When you close your eyes, look steadily into your inner field of vision until light, colour and patterns begin to appear. (This is looking with your attention and not with the physical eyes which should remain relaxed.) When most people close their eyes, initially they see a black void, but by looking steadily into this void, various colours and patterns will begin to appear. When this happens, simply observe them with your full, undivided attention as if you were intently watching a movie. Then periodically focus all of your attention within the smallest point that you can see in the centre of your field of vision, and pierce through that point. After you have done this, the light will again blaze forth from the point in a new burst of energy, and you will find yourself at a higher rate of vibration or plane of energy. With continued practice of this form of meditation, you will become immersed in a blazing sea of light; and you will become a centre from which that spiritual power is radiated.

By concentrating the attention in the Sahasraram Chakra or Thousand-Petalled Lotus, located at the top of the head, an experienced meditator can release an even more powerful radiation of light and spiritual energy. (It may take more work to activate this chakra; the beginner can get more immediate results by looking through the Agna Chakra or Third Eye Centre.) The Sahasraram Wheel is the highest chakra; called the “Doorway to the Infinite” and the Brahmarandra or Hole of Brahma, it is the most powerful and spiritual of all the centres that can be awakened in man (with the possible exception of the Heart Chakra which is considered by some yogis to be of equal importance). When the Sahasraram Chakra is fully activated in a perfected yogin or saint, the white fire of Cosmic Kundalini descends upon him and blends with his own rising kundalini force, and the white light of spirituality radiates for miles around.

Meditation on the Chakras

By focusing the attention on various locations within the body, where the chakras are located, it is possible to activate these chakras and facilitate an increased flow of energy between the higher planes of energy and the subtle body, thus releasing an increased amount of spiritual energy. There are seven major chakras in the body which link together the physical body and the subtle energy bodies.

The chakras are revolving vortexes of energy which act as mechanisms for the absorption and radiation of spiritual energy. In the physical body, they relate to glands and major nerve centres. In the etheric body, they are like wheels with flower petals which are created by a sort of stroboscopic effect of the revolving energy. The etheric chakra flowers are connected by a sort of funnel-like stem to the gland or nerve plexus to which they belong. In the astral body, the chakras appear as whirlpools of energy, like the eddies in a stream of water or in a basin of water when the stopper is pulled out. In the mental body, they appear as converging lines of light.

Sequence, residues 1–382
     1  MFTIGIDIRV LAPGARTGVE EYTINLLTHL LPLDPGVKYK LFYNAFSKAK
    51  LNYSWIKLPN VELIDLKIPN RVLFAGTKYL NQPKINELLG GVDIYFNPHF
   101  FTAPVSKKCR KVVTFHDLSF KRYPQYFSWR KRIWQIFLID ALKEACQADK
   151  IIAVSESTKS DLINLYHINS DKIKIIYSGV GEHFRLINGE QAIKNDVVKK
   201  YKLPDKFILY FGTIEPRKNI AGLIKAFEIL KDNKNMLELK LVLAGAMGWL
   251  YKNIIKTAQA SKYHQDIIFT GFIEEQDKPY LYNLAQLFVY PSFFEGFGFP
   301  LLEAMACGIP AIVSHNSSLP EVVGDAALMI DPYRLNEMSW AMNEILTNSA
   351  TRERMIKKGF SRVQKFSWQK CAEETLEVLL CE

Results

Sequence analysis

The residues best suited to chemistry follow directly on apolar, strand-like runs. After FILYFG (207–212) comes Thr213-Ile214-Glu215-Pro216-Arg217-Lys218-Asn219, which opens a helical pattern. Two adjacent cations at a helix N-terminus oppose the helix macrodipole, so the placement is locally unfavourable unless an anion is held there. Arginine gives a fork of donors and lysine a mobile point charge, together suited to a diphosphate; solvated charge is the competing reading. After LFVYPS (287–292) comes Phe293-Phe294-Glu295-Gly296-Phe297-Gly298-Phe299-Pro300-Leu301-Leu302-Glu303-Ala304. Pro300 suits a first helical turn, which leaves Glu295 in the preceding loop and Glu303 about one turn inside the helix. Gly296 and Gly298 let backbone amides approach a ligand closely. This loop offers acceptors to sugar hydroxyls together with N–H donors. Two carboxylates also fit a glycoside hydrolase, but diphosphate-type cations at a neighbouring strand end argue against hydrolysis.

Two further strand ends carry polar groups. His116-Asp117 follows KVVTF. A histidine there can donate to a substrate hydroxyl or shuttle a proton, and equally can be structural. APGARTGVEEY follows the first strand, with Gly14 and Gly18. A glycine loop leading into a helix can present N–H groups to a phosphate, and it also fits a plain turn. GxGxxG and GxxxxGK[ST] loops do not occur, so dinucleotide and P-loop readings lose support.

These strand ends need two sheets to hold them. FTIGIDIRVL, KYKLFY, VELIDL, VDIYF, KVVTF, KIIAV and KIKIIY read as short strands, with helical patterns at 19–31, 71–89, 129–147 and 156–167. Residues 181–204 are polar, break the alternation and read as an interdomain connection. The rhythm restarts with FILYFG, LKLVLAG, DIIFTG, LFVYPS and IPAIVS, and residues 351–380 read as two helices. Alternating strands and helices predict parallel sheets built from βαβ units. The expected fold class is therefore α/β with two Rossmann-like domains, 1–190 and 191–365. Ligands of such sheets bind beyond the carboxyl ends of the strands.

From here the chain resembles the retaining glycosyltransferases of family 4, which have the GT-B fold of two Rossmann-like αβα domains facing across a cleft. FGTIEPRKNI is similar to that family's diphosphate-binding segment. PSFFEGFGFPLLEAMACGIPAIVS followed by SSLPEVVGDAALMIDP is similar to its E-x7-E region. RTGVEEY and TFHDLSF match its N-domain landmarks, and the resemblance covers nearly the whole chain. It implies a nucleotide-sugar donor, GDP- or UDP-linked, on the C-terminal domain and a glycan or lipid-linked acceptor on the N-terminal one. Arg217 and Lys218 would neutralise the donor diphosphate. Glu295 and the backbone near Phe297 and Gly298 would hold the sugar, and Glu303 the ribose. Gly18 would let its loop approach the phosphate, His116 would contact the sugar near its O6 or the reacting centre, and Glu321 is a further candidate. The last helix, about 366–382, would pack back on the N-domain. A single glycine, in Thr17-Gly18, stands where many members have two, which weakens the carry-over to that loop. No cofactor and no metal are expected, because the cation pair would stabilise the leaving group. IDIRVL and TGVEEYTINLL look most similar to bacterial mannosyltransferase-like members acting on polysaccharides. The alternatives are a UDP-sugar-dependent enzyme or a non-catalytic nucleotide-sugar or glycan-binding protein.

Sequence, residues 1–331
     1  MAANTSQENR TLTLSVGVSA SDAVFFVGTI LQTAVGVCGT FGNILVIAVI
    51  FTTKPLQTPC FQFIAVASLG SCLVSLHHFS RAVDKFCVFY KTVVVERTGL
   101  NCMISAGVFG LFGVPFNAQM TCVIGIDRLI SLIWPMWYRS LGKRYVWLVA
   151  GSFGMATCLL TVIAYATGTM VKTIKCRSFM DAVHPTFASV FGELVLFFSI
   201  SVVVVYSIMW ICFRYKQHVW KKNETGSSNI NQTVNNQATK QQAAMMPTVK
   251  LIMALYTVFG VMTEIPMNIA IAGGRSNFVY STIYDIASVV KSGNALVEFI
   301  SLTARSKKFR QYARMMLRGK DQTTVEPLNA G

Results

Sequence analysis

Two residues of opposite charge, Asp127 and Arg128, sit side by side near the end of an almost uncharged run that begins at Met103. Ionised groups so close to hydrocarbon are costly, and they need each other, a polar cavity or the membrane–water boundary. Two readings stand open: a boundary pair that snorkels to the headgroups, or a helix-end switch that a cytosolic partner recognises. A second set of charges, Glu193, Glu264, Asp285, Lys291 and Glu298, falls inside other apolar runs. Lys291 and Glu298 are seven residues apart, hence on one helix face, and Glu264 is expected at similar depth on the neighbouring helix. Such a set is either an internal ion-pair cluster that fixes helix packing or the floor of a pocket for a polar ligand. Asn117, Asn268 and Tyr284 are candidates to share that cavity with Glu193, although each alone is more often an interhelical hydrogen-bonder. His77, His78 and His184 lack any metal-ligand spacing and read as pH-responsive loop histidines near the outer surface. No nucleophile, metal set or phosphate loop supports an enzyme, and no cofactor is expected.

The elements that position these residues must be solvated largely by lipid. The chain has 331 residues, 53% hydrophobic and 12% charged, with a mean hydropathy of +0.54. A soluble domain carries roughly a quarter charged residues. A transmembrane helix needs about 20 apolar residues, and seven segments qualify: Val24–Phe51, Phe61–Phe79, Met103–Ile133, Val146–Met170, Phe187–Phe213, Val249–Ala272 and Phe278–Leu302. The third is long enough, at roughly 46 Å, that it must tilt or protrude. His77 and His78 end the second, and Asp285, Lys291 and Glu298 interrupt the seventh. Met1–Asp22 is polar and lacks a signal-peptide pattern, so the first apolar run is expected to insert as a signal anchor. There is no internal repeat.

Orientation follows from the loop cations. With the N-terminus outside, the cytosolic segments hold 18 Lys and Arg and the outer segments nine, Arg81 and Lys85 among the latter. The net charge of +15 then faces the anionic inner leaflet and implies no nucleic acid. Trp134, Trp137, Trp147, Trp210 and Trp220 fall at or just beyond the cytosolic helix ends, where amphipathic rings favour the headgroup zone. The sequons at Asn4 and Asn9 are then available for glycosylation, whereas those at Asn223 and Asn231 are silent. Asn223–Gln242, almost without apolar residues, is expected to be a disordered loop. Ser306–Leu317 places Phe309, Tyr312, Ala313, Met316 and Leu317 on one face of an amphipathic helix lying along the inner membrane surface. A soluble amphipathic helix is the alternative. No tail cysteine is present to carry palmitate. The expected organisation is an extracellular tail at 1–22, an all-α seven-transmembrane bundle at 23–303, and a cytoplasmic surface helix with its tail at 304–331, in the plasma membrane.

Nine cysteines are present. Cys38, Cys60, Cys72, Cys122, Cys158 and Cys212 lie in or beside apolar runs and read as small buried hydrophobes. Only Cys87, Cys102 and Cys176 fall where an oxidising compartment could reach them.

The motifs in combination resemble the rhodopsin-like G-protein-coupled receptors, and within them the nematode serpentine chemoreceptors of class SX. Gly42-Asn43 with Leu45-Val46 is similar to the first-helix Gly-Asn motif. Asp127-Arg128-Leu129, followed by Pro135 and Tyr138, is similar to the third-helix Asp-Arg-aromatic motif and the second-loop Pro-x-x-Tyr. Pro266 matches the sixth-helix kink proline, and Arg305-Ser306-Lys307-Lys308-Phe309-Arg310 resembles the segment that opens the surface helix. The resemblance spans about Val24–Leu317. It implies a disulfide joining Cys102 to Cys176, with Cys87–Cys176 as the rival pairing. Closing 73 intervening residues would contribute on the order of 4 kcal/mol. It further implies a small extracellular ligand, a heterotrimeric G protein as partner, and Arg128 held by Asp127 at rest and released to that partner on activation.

The Muladora Chakra is at the base of the spine and is the seat of the Kundalini Fire Wheel when aroused, which in the advanced stages of yoga, rises up through the centre of the spine and activates the highest chakra in the cerebral cortex called the Sahasraram Chakra.

The next chakra is called the Sacral Centre or the Swadisthana Chakra. It relates to the adrenal glands and is related to the absorption of pranic vitality, which is in the air. The air absorbs this energy from solar radiation. There seems to be some differences of opinion between various texts as to whether the Muladora Chakra or Swadisthana Chakra relates most directly to the sexual functions.

After the Swadisthana Chakra, comes the Manipara or Solar Plexus Centre which relates to the digestive functions and vitality of the astral desires and feeling emotions.

Next in ascending order is the Anahala or Heart Chakra, which relates to the source of spiritual energy and the higher emotions of love, altruism and benevolence.

The next chakra is the Vishudha or Throat Chakra, which is related to the thyroid gland and has to do with the power of speech and relates to mantra yoga and the capacity for artistic creativity. This centre is activated by chanting and singing.

Next we have the Agna Chakra, which is located on the forehead, just slightly above and between the eyebrows. It is related to the pituitary gland and the subcortical areas of the brain. The Agna Chakra has to do with the higher mind faculties of clairvoyance, scientific reasoning, willing and philosophical thought. Development of the chakra awakens the ability to see and regulate astral and mental forces on the superphysical level.

Above the Agna is the Sahasraram Chakra or Thousand-Petalled Lotus, which is related to the pineal gland and the cerebral cortex. It’s located at the top of the head. It relates to the sound current and the faculty of clairvoyant hearing, and is the most spiritual of all the chakras. When this chakra is fully developed, union with God-consciousness is possible, and Illumination takes place.